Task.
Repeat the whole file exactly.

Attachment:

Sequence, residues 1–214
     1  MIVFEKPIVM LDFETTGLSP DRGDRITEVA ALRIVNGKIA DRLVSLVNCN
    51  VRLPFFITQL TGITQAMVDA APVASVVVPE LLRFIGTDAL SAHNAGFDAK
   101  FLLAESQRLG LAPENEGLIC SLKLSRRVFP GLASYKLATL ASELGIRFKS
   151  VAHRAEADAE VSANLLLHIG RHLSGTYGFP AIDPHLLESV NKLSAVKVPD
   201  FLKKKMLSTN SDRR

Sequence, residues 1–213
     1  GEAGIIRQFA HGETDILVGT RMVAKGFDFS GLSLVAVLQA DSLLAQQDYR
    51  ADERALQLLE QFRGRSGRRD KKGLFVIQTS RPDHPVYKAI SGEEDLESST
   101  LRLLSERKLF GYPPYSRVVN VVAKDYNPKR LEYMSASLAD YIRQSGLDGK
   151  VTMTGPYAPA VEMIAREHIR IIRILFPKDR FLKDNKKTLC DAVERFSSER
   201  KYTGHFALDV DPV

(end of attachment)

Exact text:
Sequence, residues 1–214
     1  MIVFEKPIVM LDFETTGLSP DRGDRITEVA ALRIVNGKIA DRLVSLVNCN
    51  VRLPFFITQL TGITQAMVDA APVASVVVPE LLRFIGTDAL SAHNAGFDAK
   101  FLLAESQRLG LAPENEGLIC SLKLSRRVFP GLASYKLATL ASELGIRFKS
   151  VAHRAEADAE VSANLLLHIG RHLSGTYGFP AIDPHLLESV NKLSAVKVPD
   201  FLKKKMLSTN SDRR

Sequence, residues 1–213
     1  GEAGIIRQFA HGETDILVGT RMVAKGFDFS GLSLVAVLQA DSLLAQQDYR
    51  ADERALQLLE QFRGRSGRRD KKGLFVIQTS RPDHPVYKAI SGEEDLESST
   101  LRLLSERKLF GYPPYSRVVN VVAKDYNPKR LEYMSASLAD YIRQSGLDGK
   151  VTMTGPYAPA VEMIAREHIR IIRILFPKDR FLKDNKKTLC DAVERFSSER
   201  KYTGHFALDV DPV